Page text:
LOUISVILLE, Ky. — COVID-19 cases are on the rise at Louisville's downtown jail. Officials say cases were in the single-digits just a few weeks ago.
They say they’re switching up the fight, but one mother worries it won’t be enough.
Patricia Adams hasn't seen her son in months and is terrified what might happen in the meantime.
"I have worried about my son getting this death sentence for over a year now,” she said.
Adams's son is awaiting trial Louisville Metro Department of Corrections. COVID cases there are spiking. 21 inmates in the jail are positive, compared to single-digit numbers last month.
Jail officials are taking new steps, testing people on intake and transitioning to rapid testing.
"The benefit of that is we can determine right away if someone is positive,” LMDC Assistant Director Steve Durham said.
Durham says the strategy is to identify cases, isolate them, and encourage vaccination, something that's been done for 1109 inmates.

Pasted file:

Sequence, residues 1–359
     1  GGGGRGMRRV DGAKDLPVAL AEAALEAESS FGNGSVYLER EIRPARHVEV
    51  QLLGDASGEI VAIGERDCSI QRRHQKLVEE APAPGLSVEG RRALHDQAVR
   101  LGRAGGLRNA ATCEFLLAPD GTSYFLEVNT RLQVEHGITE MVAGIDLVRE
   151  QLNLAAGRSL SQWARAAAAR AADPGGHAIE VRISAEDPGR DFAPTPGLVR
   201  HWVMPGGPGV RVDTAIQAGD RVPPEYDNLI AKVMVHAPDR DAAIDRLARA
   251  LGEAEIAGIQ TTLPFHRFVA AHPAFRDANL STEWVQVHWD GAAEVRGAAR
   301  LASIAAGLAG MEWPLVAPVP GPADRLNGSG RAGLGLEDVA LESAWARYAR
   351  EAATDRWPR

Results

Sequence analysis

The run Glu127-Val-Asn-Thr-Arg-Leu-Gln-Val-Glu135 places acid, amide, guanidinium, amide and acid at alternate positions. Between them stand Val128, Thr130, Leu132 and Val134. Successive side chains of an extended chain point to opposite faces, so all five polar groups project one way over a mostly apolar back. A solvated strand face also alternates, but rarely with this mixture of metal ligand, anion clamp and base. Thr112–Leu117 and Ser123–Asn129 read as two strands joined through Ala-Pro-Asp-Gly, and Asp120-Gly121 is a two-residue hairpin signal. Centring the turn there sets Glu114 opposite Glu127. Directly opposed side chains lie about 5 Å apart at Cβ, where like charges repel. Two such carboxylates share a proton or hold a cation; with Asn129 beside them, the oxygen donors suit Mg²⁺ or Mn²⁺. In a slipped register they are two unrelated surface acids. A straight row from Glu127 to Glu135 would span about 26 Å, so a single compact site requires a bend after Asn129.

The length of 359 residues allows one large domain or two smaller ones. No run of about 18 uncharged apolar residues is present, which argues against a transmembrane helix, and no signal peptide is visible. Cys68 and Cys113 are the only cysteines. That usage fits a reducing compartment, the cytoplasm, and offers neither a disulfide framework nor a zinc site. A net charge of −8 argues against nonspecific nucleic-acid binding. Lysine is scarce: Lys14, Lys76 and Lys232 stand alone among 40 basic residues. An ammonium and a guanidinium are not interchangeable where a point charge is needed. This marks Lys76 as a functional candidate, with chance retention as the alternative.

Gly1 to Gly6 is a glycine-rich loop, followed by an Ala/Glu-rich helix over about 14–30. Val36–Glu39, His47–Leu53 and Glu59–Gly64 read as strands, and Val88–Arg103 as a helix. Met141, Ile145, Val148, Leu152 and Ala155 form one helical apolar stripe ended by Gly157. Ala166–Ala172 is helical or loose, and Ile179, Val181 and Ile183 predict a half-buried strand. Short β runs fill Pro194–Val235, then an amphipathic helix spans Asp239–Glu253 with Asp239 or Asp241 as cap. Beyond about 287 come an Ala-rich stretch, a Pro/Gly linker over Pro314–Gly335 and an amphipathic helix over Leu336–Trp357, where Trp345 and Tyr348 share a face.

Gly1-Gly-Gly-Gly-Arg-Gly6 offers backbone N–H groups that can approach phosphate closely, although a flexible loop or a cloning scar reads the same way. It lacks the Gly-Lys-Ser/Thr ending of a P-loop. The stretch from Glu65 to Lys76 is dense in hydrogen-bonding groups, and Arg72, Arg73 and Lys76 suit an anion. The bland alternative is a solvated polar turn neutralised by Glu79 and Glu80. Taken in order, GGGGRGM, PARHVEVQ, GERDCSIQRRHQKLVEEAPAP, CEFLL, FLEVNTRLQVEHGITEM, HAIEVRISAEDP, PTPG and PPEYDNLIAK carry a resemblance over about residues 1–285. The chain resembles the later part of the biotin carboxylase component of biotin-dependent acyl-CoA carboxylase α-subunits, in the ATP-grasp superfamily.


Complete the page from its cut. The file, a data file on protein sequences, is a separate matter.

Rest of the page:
But rising jail populations makes social distancing nearly impossible. 1,610 people are being held and capacity is only 1,353.
"There's twice as many people that should be in the dorm,” Adams said. “There’s 41 people in a dorm that supposed to hold 20. So they sleep on mats on the table, between the tables on the floor.”
The count of correctional officers managing that population is shrinking. FOP 77 President Officer Daniel Johnson says the force is down nearly 100 people. Full staff is around 420.
"We want to see them step up. We want to see the city open up their checkbook. Make it a priority,” he said of raising officer pay to attract new recruits.
Advocates say releasing inmates would relieve the pressure.
"The only people that should be held is if it's absolutely proven beyond a reasonable doubt that they present a risk to the public,” Shameka Parrish-Wright, operations manager of The Bail Project and mayoral hopeful, said.
Early in the pandemic, judges did just that. As Durham fights the spread, he's asking the courts to try it again.
"They may be a little weary of our ask but it's important for us to continue the ask,” he said.
A glimmer of hope for Adams, desperately waiting for her own homecoming.
"I just feel invisible. And so does my son for that matter,” she said.